Goodbye, Carrie Fisher

She invited us to look at ourselves outside of ourselves using her own life as an example, and saw that in that moment, we’re able to laugh at the insanity of our own folly.

BY PICKLE

When I was seven years old I sprawled out on the living room couch and lay in silence for a moment. Pretending to hear the noise of an electronic door whoosh open, I lifted my head wearily and placed my elbow on my hip. “Aren’t you a little short for a storm trooper?” I said to no one in particular. Later I would watch Carrie Fisher in real life, “like real life is this other thing, and we’re always trying to determine what’s going on in this distant, incomprehensible place” (Wishful Drinking), cracking jokes about addiction and growing up in a Hollywood maelstrom.

I once procrastinated a term paper in college watching Wishful Drinking over and over again, a pirated version of the HBO Special with Spanish subtitles. I drank it up like medicine because when you live in a world of dysfunction (and last time I checked, we all do) perspective is the only thing that can save you. And with perspective, “…time passes and you go to the funny slant, and now that same thing can no longer do you any harm” (Wishful Drinking). I love the sound of Carrie Fisher’s voice because I know, when I hear it, I’m going to laugh. That, or I’m watching Star Wars and who could possibly feel sad doing that?

Carrie Fisher invited us to look at ourselves outside of ourselves using her own life as an example, and saw that in that moment, we’re able to laugh at the insanity of our own folly, no matter how tragic the circumstances. A common theme in her work is referring to herself as Carrie Fisher the character versus “Carrie.” She says, “What you’re watching right now is me talk about myself behind my back. Now if Carrie ever found out that Carrie Fisher is doing a solipsistic, people pleasing show like this, she would be so humiliated!” (Wishful Drinking). Susanne Vale, the largely autobiographical character in Postcards From the Edge and The Best Awful does this frequently as well. En route to a fancy showbiz dinner party in Postcards From the Edge, she examines her own self-punishing nature; “Sometimes when she looked in the mirror she thought, ‘Sure, that girl is attractive. She looks good.’ As soon as she walked away from her reflection, though, she added ‘But I’m not.’” (Postcards From the Edge). This fear that we are just watching ourselves walk through life, that we have nothing to do with our own best qualities and accomplishments, the base of which is the fear that we never truly know ourselves, Fisher captures so astutely. But she doesn’t just point to the problem, she offers the solution. If she’s able to be honest about her past, confront her present and move forward to the sound of roaring laughter, can’t I? In spite of the cynicism, or perhaps not in spite of but rather in synergy with,  there is a powerful optimism that persists through Fisher’s somehow uplifting anecdotes. It has, for lack of a better word, carried me through my young adult life, my own struggles with addiction, my own lack of conviction that there is any right way to experience the complicated world that seems to just clumsily roll on whether we want it to or not.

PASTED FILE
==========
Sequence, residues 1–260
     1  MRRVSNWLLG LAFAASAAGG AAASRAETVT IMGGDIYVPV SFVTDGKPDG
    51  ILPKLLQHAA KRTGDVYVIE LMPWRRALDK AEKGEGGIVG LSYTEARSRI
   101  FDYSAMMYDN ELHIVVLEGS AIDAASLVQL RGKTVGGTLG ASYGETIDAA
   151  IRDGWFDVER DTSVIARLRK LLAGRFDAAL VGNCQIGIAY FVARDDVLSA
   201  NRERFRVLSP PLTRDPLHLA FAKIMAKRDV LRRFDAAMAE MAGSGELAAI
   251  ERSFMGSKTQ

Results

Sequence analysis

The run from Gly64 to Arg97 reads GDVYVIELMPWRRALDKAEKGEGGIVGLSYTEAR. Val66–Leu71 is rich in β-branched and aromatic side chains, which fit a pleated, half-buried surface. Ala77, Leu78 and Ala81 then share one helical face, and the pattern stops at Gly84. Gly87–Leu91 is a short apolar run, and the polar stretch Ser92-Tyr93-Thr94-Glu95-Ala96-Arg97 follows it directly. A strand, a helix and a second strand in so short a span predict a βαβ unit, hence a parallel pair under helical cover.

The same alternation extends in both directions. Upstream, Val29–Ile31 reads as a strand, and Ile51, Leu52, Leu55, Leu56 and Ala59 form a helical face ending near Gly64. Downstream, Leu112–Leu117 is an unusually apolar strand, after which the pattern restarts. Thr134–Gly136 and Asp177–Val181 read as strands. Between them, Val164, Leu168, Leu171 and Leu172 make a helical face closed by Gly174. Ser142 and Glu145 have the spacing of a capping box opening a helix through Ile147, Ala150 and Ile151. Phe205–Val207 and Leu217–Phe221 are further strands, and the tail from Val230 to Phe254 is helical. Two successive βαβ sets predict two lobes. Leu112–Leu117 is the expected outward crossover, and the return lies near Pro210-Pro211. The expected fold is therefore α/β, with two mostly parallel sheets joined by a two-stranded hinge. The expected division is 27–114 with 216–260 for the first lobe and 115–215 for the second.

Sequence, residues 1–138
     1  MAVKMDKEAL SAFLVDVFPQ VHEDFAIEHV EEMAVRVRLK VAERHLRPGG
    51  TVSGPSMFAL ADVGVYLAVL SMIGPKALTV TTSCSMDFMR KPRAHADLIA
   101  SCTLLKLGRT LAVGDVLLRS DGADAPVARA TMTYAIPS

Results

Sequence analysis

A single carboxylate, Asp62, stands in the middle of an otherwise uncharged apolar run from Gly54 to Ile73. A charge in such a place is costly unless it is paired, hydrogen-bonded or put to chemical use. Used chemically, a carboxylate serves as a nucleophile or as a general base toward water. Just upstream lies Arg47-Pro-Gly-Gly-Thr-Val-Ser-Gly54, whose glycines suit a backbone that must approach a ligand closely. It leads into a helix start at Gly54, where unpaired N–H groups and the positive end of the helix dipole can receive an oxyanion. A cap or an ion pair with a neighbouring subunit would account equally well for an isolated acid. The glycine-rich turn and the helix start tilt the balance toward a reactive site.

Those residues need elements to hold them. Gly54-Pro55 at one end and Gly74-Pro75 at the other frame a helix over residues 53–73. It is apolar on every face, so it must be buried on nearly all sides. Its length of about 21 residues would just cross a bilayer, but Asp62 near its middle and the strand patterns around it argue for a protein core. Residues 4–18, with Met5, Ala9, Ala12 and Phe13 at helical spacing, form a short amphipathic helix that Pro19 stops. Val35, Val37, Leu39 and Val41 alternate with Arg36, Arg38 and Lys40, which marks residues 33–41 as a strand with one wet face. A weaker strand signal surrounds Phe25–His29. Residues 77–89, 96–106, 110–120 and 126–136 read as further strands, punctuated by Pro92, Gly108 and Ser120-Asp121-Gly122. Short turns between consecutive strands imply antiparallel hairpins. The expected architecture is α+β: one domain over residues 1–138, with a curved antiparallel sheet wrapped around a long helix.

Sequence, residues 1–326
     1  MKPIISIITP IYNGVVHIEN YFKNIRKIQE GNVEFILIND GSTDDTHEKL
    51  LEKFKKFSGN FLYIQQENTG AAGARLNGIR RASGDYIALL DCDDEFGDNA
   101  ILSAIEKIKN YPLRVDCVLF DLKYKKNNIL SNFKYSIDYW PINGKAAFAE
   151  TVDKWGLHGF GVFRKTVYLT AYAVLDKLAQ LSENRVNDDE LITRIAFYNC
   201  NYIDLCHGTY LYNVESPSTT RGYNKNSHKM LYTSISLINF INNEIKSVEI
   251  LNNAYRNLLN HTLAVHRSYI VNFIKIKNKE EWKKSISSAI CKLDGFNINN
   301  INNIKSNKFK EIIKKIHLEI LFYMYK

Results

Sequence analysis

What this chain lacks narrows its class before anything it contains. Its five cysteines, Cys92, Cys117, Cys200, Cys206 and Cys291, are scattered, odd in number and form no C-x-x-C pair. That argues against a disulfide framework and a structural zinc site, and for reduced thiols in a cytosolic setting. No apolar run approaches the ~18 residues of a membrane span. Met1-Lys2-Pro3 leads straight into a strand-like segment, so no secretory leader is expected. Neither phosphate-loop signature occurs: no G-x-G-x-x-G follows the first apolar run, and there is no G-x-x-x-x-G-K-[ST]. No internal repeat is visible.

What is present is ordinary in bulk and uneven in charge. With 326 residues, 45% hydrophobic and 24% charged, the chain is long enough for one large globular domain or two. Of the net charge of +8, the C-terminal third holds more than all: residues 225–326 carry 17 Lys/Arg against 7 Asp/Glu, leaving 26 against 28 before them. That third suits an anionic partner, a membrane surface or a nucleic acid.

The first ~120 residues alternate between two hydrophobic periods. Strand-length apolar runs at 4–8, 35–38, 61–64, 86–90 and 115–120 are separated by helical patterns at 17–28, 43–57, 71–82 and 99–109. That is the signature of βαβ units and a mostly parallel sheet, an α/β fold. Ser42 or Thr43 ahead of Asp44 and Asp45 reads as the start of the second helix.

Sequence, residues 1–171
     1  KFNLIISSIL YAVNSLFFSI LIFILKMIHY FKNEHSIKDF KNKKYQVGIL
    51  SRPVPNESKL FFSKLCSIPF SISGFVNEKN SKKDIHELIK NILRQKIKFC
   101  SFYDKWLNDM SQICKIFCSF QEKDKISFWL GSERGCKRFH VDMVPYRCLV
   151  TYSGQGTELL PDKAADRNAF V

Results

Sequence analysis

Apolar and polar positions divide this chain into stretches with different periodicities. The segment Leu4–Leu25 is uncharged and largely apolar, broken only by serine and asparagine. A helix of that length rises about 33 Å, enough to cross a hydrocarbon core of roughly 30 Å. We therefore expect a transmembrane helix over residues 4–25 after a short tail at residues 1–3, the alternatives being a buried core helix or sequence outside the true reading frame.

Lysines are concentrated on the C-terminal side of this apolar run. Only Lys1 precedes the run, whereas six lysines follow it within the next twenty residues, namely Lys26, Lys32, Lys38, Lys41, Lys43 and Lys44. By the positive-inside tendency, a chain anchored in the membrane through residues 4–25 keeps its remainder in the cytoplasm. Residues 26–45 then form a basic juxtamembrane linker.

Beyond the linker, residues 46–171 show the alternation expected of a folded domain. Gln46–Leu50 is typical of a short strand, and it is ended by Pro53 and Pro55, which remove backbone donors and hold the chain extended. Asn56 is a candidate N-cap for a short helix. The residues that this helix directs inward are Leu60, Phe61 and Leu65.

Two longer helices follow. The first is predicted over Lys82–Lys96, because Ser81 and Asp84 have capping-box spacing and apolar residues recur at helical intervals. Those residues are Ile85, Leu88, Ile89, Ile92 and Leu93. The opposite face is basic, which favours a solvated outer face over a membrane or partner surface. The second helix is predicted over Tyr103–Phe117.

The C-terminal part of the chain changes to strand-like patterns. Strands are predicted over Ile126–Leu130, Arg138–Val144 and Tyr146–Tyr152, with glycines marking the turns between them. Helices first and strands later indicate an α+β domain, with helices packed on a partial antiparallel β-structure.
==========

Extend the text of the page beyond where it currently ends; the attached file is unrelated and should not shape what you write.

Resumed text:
I never met Carrie Fisher, but I’m deeply saddened by her passing. She has shaped my life for the better, which I can only assume means she’s done the same for many, and I am still mourning the departure of a spirit so powerful, so deeply meaningful and intelligent. When I was seven, Princess Leia saved me from the Imperial forces. When I was twenty, Carrie Fisher saved me from myself. I will continue to cherish everything her work has taught me as we march on from the insatiable hellfire that has been this last year into a future daunting and uncertain. Carrie Fisher reluctantly accepted that she was a “survivor” (“and who here over forty isn’t?”).

I will do my best to honor her memory by surviving and emerging from the dark times in life with a sense of humor because, after all, as Fisher recounts her mother saying: “Well dear, what are the choices? Not surviving?”

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